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Unitary Patent System – final meltdown, or is there still hope?

About 60 years in the making, the Europe-wide system which so many have worked so hard for so long to create, appears fatally wounded – but is it really? 

To recap, the system was designed to provide one single Europe-wide patent (Unitary Patent – UP), and a dedicated court to enforce it (Unified Patents Court – UPC), saving companies from needing to apply for a patent and court remedies separately in every country where they wanted protection. 

The agreement was signed in 2013, and its entry into force required at least 13 Member States to ratify it, including France, Germany and the UK – being the countries between which the Central Division of the new Europe-wide court would be split, and those in which the most European patents are validated. 

Things seemed to be progressing well, with ratifications coming in, including that of France and the UK, and practical preparations starting. On the legal side, the CJEU dismissed legal challenges against the system in 2015. Everyone was preparing for the UPC to become a reality within a matter of months, when unexpected obstacles arose.

A first obstacle: the German constitutional challenge

The first obstacle was a complaint filed by an attorney to the German Constitutional Court (BundesVerfassungsGericht), raising both substantive and procedural arguments. 

After considering the case for almost 3 years, the German Constitutional Court finally issued its decision of 13 February 2020 and published on 20 March 2020, dismissing most of the arguments but deciding that the way the German parliament approved its legislation to ratify the underlying treaty setting up the UPC, was unconstitutional because for such a treaty which potentially affects lives of citizens by transferring certain powers to the EU, two thirds of the entire Parliament would have to agree to it. The legislation was passed unanimously by those sitting in the Parliamentary chamber on that late evening, but they numbered far less than two thirds of the entire Parliament. There is no appeal possible from this decision. 

Would it be possible for Germany to simply introduce a new piece of legislation which will be voted on with the required two thirds majority? That certainly appears to be the view of the Federal Government, which announced that it would do so shortly. Subject to that legislation being passed, Germany might still be able to ratify. Perhaps, but it appears there will have to be a change to the Unified Patent Court Agreement (UPCA) first, due to the situation with the UK (see below) and there is no guarantee that in re-opening discussion about UPCA, other objections won’t surface. UPCA and the UP regulations were very hard to negotiate in the first place, with long-running issues, particularly involving which languages should be used for proceedings.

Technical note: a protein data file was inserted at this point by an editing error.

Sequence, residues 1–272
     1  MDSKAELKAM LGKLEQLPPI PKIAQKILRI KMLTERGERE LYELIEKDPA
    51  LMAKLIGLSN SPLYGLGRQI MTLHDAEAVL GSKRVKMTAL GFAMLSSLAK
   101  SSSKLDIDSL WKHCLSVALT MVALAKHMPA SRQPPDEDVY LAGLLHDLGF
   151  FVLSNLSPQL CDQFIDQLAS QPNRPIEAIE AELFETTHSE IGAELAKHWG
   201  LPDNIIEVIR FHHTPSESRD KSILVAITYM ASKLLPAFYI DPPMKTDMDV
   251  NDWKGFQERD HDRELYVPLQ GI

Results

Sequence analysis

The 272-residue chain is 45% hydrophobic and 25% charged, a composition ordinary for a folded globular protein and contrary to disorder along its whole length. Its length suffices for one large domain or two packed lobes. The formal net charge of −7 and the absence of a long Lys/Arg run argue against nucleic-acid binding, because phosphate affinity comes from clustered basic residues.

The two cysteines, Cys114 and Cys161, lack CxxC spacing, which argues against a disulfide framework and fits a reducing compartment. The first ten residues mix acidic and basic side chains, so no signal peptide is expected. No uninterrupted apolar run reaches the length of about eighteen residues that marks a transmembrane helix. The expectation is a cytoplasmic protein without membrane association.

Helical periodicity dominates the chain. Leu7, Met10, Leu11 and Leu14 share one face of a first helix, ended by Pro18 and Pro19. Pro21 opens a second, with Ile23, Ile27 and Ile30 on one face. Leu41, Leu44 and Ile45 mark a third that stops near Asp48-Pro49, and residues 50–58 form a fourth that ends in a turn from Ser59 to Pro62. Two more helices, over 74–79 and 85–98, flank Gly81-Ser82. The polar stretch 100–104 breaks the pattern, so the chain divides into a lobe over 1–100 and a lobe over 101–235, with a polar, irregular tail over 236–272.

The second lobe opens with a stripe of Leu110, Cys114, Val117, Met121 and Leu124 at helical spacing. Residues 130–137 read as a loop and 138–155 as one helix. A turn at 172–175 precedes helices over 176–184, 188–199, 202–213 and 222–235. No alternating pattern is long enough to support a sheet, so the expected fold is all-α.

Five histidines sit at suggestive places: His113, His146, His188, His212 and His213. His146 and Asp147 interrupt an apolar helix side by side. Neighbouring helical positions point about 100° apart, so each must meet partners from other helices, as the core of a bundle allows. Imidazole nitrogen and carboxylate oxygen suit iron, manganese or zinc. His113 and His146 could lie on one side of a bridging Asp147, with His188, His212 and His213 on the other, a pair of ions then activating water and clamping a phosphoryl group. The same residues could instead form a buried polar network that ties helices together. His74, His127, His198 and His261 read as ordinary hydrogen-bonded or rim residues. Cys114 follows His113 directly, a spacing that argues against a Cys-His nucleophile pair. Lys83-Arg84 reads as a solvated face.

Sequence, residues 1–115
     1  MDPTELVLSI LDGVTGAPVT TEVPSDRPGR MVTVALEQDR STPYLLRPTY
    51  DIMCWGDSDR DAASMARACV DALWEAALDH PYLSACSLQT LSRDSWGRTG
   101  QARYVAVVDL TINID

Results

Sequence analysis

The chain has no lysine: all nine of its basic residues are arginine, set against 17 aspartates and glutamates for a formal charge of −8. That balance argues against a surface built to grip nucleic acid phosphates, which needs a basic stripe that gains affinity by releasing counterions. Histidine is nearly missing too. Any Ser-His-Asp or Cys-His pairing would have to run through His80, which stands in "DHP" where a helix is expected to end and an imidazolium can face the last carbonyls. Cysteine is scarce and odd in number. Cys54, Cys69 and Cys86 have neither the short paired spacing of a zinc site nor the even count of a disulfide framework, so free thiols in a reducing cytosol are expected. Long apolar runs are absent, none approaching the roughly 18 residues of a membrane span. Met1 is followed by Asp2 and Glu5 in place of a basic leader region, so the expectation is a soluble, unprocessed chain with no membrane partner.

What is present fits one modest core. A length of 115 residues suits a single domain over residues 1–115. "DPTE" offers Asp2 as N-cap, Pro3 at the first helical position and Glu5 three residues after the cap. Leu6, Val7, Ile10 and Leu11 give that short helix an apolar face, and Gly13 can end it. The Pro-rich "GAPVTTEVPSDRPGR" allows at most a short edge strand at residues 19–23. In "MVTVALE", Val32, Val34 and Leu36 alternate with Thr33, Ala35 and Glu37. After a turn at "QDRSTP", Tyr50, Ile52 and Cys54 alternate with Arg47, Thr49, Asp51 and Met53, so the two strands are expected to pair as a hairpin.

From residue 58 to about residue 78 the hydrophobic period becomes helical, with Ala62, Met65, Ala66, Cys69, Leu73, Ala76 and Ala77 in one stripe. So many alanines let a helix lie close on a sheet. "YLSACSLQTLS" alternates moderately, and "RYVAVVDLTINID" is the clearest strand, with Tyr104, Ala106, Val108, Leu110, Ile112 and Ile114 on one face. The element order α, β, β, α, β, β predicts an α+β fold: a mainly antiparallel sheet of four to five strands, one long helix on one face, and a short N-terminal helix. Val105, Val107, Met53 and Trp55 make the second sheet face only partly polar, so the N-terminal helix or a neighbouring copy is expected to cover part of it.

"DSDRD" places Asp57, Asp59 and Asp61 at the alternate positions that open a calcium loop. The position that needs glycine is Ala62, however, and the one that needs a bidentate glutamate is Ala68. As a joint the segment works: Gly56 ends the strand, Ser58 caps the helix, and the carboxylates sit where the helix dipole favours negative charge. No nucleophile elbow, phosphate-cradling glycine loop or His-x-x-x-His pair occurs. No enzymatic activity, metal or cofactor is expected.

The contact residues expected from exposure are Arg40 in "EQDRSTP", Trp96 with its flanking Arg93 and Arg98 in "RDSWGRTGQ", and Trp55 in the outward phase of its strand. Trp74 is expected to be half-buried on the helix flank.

A second obstacle: Brexit

The second obstacle was – of course – Brexit, which opened a period of uncertainty in many respects, including for the UPC.

Despite repeated efforts to the contrary, the most recent statements from the Prime Minister’s office clarified that the UK will no longer be seeking to remain in the UP and UPC systems. This latest statement from the Government goes against previous efforts by members of the same party at least prior to the recent election of Boris Johnson. It also flies in the face of efforts which have been made and goodwill which always has been and still remains among a large part of the patent professions in the UK to continue being a central nation in the UP and UPC systems.

This means that, concerning the UPC, the UK is currently somewhat in limbo: on the one hand, it has ratified the UPC agreement, and that ratification has not been withdrawn to date, but on the other hand it has now made clear that it does not wish to be a part of the system. 

What would be required for the UPC to go live?

If there is a will, there are three different ways

The Preparatory Committee, as well as a number of Member States and a substantial part of the industry, remain positive and keen to continue the work to bring the UPC to fruition. The path to the UPC coming into force is, however, slightly unclear. 

What is clear, is that there is no road ahead for the UPC unless and until Germany ratifies the UPC agreement. Assuming that Germany does so, three routes could be envisaged. 

First, some argue that, if Germany ratifies (again) before Brexit becomes entirely effective, then the conditions set out in the UPC agreement will be fulfilled and the system will come into force as planned. The UK's current uncertain status, and its subsequent departure from the system, they argue, would not affect this. The consequences of that departure, finally, could arguably be dealt with lightly through decisions of the Administrative Committee. That path, whilst the simplest and the quickest, is criticised by many as being legally shaky because the UK is already not a full Member State of the EU; also, critics point out that following this route would directly ignore the UK's stated desire to not be part of the system.